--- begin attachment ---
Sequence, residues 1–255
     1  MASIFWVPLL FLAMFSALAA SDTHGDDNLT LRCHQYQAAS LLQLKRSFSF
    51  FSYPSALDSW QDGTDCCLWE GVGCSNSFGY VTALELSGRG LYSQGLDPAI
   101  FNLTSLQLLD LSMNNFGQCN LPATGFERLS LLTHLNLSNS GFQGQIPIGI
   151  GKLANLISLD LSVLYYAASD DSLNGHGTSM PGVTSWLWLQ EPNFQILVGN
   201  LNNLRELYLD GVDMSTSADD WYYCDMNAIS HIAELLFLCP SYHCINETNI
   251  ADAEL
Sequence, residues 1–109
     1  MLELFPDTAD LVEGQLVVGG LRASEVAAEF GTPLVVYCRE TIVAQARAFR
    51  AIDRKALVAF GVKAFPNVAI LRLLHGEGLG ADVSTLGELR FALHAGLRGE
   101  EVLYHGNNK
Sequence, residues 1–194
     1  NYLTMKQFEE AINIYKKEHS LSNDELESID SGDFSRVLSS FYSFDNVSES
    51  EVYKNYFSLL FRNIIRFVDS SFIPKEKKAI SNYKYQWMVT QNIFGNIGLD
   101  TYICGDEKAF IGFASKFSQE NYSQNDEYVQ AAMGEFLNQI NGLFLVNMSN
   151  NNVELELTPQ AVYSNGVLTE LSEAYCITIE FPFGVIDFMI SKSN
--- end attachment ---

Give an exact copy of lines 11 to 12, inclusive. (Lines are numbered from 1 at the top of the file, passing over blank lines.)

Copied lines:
   101  EVLYHGNNK
Sequence, residues 1–194